How One VAR Made Culture A Differentiator For Its Business

What's the secret to success for Intrust, a small 25-employee solution provider in Cincinnati, Ohio?

Vice President of Business Development Chad Adams said it is the company culture.

That culture isn't about buying ping pong tables or having a keg of beer in the office, Adams said in a presentation at XChange 2017 in Orlando, Fla. on Monday. Instead, he said the company has found success building a culture deliberately around identity, values, beliefs and behaviors.

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The stats backing up the impact of a strong company culture are clear, Adams said, as he noted that companies ranked on Fortune's "100 Best Companies to Work For" list outperforming the S&P 500 and having employees that are 59 percent less likely to look for a new job in the next 12 months.

At Intrust, Adams said the impact has shown in no employees leaving the company since May 2015 voluntarily, even though local competitors may offer the same hours and job functions for more pay. He said customer satisfaction has also stayed above 99 percent for two years, something he credited in large part to the company culture. The company was also a consistent finalist as Cincinnati's "Best Place to Work," as published by the Cincinnati Business Courier.

Intrust didn't always have a strong company culture. The evolution to a company with a focus on culture and what Adams called an "engaged culture" has taken a few stages.

Adams said Intrust started by making sure the company had strong leadership in place, establishing a tight team of four people. From there, he said the company was able to develop more concise and direct communications, as well as more effective meetings. Management of employees has also shifted to a flexible structure under which employees are assigned very specific roles in the company and must manage themselves and make decisions around those roles.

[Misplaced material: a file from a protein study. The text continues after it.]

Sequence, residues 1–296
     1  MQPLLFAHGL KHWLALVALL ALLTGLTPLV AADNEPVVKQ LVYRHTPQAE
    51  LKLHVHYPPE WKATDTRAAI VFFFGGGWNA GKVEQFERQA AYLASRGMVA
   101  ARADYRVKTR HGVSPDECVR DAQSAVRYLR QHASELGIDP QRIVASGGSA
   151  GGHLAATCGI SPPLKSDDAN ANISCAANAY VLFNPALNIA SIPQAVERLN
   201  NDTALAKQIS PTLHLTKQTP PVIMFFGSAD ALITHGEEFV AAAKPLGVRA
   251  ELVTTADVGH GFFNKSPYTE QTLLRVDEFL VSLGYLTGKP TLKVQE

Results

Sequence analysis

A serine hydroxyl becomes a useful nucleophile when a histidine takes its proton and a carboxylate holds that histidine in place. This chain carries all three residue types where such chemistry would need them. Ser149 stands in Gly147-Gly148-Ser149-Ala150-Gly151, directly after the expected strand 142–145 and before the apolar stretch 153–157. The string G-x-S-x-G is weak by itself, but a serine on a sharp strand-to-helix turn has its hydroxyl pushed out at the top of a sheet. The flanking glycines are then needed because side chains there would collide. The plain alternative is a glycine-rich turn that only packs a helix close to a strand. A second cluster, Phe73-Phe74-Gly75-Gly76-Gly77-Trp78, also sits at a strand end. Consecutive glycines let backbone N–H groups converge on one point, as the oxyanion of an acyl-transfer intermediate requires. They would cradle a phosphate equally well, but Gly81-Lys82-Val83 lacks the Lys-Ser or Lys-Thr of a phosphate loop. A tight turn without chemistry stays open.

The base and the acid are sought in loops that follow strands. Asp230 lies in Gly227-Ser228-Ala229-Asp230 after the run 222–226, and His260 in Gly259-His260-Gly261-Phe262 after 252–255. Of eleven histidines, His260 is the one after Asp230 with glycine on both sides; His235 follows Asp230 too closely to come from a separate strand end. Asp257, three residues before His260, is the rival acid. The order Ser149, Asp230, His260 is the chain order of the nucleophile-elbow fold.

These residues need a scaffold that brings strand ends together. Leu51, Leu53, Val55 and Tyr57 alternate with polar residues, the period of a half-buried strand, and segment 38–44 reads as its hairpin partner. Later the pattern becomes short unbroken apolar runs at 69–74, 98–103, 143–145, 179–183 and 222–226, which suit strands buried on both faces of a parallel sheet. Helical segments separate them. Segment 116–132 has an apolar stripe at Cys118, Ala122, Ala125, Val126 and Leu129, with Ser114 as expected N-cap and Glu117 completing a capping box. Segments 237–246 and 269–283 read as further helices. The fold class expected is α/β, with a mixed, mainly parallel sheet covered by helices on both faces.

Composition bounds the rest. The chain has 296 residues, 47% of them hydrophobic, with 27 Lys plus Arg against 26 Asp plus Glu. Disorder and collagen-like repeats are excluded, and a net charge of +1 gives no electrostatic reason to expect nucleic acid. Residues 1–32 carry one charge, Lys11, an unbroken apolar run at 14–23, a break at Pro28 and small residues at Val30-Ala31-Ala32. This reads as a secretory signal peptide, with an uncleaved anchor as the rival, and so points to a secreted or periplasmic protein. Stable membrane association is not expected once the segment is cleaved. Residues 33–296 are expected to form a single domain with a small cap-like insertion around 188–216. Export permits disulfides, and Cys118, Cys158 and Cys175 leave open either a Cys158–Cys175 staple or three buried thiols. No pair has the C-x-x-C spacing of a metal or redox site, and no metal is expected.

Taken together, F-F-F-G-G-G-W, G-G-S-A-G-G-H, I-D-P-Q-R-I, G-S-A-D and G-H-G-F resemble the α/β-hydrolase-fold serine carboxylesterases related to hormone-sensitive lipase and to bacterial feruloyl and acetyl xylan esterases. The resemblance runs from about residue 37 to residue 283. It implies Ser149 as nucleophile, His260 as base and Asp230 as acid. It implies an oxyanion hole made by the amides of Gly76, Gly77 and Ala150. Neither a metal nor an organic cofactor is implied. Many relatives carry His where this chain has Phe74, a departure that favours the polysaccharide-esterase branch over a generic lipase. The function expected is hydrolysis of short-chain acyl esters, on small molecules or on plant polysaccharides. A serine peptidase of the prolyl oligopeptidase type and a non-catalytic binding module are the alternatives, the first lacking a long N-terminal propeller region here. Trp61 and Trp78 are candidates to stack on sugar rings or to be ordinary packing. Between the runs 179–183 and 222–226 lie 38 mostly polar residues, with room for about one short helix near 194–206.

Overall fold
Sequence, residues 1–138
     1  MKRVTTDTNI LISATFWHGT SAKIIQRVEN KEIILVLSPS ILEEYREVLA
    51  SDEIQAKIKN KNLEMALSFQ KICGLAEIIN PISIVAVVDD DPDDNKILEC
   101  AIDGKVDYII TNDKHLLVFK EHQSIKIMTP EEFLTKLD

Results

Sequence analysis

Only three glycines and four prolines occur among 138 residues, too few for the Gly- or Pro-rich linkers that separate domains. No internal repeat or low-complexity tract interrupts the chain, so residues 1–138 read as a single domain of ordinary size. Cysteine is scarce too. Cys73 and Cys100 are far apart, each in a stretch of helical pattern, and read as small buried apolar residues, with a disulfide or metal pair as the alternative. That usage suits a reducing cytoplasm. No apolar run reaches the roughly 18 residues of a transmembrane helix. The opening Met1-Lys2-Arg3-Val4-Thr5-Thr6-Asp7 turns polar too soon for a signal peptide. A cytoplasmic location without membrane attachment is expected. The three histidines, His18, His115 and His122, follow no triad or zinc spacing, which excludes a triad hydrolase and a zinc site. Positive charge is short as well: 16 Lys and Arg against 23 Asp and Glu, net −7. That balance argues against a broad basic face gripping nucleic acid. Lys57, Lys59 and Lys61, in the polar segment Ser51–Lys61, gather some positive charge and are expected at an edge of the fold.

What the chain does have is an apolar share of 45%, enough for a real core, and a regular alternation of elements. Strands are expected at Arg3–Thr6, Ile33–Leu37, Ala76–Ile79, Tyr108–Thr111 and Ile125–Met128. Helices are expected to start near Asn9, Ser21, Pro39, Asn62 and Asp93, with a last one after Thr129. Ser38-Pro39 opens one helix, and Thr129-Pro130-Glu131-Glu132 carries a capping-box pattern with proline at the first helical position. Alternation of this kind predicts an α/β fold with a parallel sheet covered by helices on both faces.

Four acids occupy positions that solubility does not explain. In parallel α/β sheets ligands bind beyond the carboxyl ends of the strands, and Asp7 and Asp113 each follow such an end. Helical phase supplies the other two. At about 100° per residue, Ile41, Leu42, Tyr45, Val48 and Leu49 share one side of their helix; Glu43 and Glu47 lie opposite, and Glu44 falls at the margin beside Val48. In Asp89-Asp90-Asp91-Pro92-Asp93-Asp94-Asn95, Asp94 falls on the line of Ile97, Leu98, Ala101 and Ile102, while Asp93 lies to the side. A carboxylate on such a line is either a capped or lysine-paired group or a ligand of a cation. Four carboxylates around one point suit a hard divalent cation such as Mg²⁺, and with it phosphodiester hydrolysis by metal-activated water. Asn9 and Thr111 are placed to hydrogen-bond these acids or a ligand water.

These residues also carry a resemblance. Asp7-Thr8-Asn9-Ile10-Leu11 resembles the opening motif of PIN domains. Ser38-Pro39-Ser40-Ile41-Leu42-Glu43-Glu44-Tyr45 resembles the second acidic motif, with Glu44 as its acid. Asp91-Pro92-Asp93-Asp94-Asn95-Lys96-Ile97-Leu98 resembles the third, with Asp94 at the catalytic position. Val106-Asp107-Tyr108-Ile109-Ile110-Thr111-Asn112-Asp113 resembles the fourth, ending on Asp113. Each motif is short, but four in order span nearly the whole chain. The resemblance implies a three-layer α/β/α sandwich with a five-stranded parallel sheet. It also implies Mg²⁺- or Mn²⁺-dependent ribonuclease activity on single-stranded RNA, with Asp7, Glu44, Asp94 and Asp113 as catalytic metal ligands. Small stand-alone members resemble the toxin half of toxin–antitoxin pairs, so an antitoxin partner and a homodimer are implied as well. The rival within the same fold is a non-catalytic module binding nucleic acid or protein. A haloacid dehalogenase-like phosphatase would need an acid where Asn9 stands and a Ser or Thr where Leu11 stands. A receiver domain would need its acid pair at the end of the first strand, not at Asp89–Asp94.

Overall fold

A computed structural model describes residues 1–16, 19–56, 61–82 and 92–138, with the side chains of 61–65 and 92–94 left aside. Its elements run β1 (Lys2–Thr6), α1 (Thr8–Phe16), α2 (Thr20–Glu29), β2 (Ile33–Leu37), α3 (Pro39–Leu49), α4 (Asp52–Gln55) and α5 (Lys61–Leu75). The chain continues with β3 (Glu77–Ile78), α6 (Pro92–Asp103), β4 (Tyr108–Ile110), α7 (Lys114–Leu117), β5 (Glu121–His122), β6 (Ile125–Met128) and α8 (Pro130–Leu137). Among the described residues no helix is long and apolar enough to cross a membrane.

Adams said Intrust was then able to develop a more focused set of goals and a mission for the company, which he said centered around the values of empathy, ingenuity and happiness. He said those values are repeated often, especially to new employees.

Communication was also a key foundational transformation for the company's culture, Adams said. He said Intrust developed daily huddle meetings, where employees typically share something that went well the previous day, discuss their plans are for that day, including any client issues, and they are encouraged to recognize other employees for their work. He said all employees are required to attend, even if they are out of the office.

Intrust also holds monthly company-wide meetings where employees can ask management questions directly. He said the company has also opened up the company's books to employees, making them responsible for certain performance metrics, and giving rewards to employees for hitting certain overall business goals.

Communication also extends to employee feedback, he said, with new initiatives for better employee recognition, more timely feedback to employees, and allowing them the ability to affect change. He said the company uses a variety of tools to facilitate this, including OfficeVibe, Trakstar, and 15five.

Finally, Adams said the company did have some fun. He said Intrust took the whole company for half a day on a Friday to do white water rafting. He said the company has also created incentives for hitting goals, like buying a lake house employees all get a week's paid vacation to stay at after one year of employment and renting out a movie theater for a showing of Rogue One.

With a strong cultural foundation in place, Adams said Intrust is now using the culture to help it achieve its business goals. That includes bringing the team together to hit goals around recurring revenue percentages and seats of managed services.

"It was amazing to me when we set goals and communicated over and over and focused on them and kept score how focused people became on those goals," Adams said.

Adams said Intrust is now working to further engage employees more in the future of the business itself, including transforming the company by 2020 into an employee stock ownership plan.